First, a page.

Gallup Poll: Voter Opposition to Obama at an All-Time High

A recent Gallup poll indicates that voters are unhappier with Obama than they’ve been with his last two predecessors:

Registered voters are more likely to view their choice of candidate in this year’s midterm elections as a message of opposition (32%) rather than support (20%) for President Barack Obama. That 12-percentage-point margin is similar to what Gallup measured for Obama in 2010 and George W. Bush in 2006, years in which their parties performed poorly in the midterm elections.

What’s interesting about this poll question, which has been asked since 1998, is that it tracks how the president’s party fares in mid-term elections. In our political world of centralized bi-partisanship, people often indicate their disapproval of the president by voting against his party in the mid-term elections. No wonder so many Democrats are trying to distance themselves from Obama in 2014.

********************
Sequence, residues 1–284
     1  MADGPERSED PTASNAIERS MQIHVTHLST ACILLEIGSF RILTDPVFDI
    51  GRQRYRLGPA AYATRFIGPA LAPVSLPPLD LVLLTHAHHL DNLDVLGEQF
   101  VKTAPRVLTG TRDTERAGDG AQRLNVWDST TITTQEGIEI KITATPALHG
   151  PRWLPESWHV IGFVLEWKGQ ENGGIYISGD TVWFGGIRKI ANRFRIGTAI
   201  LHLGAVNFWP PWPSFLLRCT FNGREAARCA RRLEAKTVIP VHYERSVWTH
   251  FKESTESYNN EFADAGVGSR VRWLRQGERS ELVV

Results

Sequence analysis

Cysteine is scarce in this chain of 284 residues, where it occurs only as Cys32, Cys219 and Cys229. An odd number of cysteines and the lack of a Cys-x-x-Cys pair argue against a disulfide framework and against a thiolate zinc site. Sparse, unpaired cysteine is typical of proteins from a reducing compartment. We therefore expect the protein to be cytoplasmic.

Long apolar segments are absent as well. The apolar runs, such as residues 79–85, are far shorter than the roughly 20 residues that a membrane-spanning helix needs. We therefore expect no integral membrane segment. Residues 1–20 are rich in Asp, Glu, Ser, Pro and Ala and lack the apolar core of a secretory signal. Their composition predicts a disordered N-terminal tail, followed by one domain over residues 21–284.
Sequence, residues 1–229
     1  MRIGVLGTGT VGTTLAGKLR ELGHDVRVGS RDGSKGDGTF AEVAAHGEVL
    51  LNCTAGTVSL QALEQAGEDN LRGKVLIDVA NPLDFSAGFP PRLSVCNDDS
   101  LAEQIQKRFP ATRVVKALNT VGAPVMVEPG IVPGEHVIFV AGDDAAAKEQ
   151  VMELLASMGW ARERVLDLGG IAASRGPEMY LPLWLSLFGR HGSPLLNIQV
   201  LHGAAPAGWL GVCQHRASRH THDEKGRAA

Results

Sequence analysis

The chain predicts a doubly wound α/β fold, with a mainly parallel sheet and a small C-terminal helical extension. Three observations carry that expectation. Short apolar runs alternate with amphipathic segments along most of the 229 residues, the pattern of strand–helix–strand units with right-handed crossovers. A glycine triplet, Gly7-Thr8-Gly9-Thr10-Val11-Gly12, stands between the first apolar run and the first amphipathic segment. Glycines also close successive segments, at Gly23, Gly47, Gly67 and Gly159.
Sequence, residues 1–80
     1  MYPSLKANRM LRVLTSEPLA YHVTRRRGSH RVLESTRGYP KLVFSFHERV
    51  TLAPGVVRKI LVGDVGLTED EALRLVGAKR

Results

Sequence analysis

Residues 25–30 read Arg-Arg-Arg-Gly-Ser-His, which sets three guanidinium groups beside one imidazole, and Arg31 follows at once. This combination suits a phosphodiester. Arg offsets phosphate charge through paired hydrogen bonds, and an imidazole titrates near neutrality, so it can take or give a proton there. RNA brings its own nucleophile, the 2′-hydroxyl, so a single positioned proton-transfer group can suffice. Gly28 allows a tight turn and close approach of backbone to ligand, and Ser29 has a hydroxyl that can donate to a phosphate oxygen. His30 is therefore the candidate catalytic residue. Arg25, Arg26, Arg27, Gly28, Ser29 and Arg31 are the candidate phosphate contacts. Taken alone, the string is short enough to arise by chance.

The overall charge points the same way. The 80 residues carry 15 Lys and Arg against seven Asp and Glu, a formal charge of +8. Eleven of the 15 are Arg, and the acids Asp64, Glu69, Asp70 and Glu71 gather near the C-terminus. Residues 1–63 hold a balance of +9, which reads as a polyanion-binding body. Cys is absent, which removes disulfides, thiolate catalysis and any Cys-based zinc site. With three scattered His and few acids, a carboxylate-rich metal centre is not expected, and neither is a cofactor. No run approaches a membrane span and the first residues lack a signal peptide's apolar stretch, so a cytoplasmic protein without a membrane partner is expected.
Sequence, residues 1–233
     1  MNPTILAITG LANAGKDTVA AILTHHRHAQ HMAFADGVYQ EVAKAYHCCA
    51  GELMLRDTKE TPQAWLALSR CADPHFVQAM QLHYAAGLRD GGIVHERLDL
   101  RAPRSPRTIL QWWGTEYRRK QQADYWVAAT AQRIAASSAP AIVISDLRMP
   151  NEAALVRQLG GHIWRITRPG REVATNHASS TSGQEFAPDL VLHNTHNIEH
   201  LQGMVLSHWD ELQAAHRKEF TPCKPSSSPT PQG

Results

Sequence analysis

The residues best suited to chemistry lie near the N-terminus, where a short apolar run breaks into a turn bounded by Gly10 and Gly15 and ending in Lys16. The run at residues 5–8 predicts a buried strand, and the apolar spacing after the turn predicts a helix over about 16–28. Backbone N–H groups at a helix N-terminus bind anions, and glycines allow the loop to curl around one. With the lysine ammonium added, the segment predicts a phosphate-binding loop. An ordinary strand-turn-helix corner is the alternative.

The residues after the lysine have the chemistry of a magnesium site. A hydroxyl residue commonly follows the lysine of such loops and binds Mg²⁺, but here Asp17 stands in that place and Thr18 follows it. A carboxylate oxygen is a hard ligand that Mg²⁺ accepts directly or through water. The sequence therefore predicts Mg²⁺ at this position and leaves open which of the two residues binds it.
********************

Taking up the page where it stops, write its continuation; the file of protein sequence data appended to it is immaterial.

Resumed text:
But the Gallup poll uncovers another reality: voters really aren’t that happy with either party. It is actually a rare thing for the sitting president’s party to gain ground in midterm elections, no matter which party holds the White House. Think about that.

Whether we have a Democrat in office or a Republican, Americans are generally dissatisfied just two years into the term. It really raises the question, “Why do we keep voting Democrat and Republican?” If we really don’t like either party all that much, why do we keep putting one or the other in power? Why not support other parties or other candidates that more consistently uphold our actual values? Don’t we understand that the bi-partisan see-saw we have created only serves the interests of big government? This is precisely what George Washington warned us about in his farewell address: the danger of destroying our democratic republic with party politics.

The most recent Gallup poll should be a sobering reminder of what happens when the machinery of government overrides the will of the people and the structure of the law of the land. But what can we do about it now?